Also, witnesses began to recant their 1993 and 1994 statements and defense investigators uncovered additional new evidence that lead to the inescapable conclusion that these kids were absolutely innocent. The legal team continued to expand to include lawyers from all over the country, and none of us, including the celebrity donors, were going to let this injustice stand. Then suddenly the media finally realized that the nonsensical drama that was presented in court in 1994 to obtain the convictions against the WM3 was not what they had been told it was, and what was left of the State’s case completely unraveled.
The prosecution’s theory was that the case was a Satanic Ritualistic Homicide. The problem with this is that just like the Easter Bunny and the Tooth Fairy, there is no such thing as a Satanic Ritualistic Homicide. The FBI’s own Ken Lanning has never been able to document a single case of Satanic Ritualistic Homicide anywhere on the planet. Similar studies in the UK have revealed the same thing. Thus, as it became more and more apparent that there were going to be new trials in the case, the state was going to have to use the only evidence that they had left which was Misskelley’s Satanic Ritualistic Homicide false confession. Some of your readers will point to other statements Misskelley said, or may have made, subsequent to the trials Misskelley is so mentally handicapped, he would say or admit to anything. I know this because I have been the only person on the case who has watched this unfold over the course of the past 18 years. I could get him today to admit to killing JFK in Dallas in 20 minutes or less and he wasn’t even born yet in 1963. He and I could sit down and solve every “unsolved” murder in the country if people were still willing to believe in false confessions. Those who use Misskelley’s false confession as evidence of guilt for the WM3 simply do not understand the dynamics or the psychology of interrogations and false confessions. If they themselves were ever submitted to the same mental torture that Misskelley endured then they would immediately understand. Another example of a coerced confession would be any one of our pilots who are interrogated and forced to give false confessions even though they are trained on how not to do this. No human can withstand mental torture for very long, especially someone who is mentally handicapped.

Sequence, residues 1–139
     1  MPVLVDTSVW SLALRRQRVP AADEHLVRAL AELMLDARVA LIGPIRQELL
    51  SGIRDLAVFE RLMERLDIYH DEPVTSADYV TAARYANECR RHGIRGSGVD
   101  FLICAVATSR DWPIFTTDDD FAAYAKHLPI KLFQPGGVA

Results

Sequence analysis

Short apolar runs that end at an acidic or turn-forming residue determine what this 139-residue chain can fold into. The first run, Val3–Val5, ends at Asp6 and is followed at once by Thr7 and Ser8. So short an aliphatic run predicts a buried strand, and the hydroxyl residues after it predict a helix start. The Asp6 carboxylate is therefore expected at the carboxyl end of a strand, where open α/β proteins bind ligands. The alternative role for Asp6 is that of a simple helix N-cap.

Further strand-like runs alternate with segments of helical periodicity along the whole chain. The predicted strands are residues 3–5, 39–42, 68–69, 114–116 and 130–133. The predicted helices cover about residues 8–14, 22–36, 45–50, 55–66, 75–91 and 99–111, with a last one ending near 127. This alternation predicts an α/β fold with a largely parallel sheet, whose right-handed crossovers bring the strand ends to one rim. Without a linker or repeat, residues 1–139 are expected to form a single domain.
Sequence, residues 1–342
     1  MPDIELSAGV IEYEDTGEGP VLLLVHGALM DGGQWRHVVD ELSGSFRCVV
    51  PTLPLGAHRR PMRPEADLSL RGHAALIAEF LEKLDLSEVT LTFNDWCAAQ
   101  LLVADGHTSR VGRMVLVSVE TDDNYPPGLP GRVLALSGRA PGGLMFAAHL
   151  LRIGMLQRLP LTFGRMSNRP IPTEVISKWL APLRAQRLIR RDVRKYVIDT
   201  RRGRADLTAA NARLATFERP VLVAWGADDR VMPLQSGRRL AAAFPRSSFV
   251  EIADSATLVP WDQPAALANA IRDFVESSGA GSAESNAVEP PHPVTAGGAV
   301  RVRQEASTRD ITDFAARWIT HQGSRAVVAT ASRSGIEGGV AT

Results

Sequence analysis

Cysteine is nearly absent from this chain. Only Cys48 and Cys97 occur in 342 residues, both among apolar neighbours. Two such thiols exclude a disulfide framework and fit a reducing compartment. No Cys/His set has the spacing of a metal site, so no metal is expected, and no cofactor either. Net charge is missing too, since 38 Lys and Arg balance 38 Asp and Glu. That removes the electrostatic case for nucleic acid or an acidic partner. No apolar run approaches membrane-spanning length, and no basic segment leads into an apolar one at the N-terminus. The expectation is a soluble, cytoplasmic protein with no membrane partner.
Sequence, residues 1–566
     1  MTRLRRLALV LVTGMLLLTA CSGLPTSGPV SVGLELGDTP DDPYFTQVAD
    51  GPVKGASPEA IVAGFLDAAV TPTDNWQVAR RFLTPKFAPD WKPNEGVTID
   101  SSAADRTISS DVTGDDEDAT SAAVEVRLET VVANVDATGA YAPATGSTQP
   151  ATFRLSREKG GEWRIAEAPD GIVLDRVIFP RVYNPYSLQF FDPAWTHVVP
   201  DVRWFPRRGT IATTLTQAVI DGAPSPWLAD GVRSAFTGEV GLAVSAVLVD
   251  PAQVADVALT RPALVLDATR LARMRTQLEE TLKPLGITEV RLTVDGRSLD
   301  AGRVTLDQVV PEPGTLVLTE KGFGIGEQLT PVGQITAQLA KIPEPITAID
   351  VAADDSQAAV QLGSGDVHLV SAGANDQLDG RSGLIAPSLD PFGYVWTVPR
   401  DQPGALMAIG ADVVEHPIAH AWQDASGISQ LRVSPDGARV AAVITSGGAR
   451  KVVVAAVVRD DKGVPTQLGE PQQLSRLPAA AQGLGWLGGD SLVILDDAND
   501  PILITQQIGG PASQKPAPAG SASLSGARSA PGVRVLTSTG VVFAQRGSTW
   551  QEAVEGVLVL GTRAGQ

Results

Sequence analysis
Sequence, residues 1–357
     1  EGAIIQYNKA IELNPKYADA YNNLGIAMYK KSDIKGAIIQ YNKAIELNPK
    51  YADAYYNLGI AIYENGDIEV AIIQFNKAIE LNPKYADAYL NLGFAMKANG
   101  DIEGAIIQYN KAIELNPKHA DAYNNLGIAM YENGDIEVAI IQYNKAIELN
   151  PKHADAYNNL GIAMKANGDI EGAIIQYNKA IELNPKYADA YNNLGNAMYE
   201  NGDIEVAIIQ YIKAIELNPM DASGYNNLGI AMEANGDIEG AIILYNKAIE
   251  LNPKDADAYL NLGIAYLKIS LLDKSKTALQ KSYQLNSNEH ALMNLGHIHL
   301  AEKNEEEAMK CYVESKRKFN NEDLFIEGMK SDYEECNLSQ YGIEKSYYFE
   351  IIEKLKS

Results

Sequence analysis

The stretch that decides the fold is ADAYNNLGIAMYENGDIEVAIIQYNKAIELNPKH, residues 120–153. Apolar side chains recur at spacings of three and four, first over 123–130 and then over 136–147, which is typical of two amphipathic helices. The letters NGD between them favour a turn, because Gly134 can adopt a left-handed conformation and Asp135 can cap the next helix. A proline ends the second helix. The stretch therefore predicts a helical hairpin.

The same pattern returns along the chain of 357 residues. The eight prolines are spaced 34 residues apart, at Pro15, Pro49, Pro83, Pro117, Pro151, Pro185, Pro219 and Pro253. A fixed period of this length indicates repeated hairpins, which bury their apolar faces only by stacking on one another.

Frankly, “Yea,” “Uh-huh,” and “Okay” are not words consistent with a real confession. This is what you find in the Misskelley statements. Police officers today are trained not to ask leading questions and look for information from suspects that only that only someone who was actually at a crime scene would actually know about. Police and Prosecutors (for the most part) today understand these dynamics and no reasonably intelligent police officer or prosecutor today would even file charges based on such ridiculous evidence, much less accept Misskelley’s statements as either accurate, or as an indication of guilt.
In 1993 and 1994, very few people in the world understood the concept of false confessions. One of the three who did, was with me in the courtroom at the Misskelley trial and Judge Burnett refused to allow him to testify or qualify him as an expert. Ironically, two weeks later in the Echols-Baldwin trial, he allowed a so-called expert in the occult to testify despite the fact that he had an illegitimate mail order PhD from a diploma mill to allow prosecutors to present evidence of a Satanic Ritualistic Homicide, again a phenomenon that simply doesn’t exist. Simply put, the judge allowed junk science to be injected into the trial and scientifically reliable evidence to be excluded.
“Satanic Panic” convicted the WM3 and the hard work of many people from all around the world refused to let this injustice stand. To try and get a conviction, the State would have had to overcome the best experts and lawyers in the world, and try to prove the first ever Satanic Ritualistic Homicide in the world. No small task I can assure you. The new experts stated that what police and prosecutors thought was sexual mutilation in 1993 was actually post-mortem animal predation.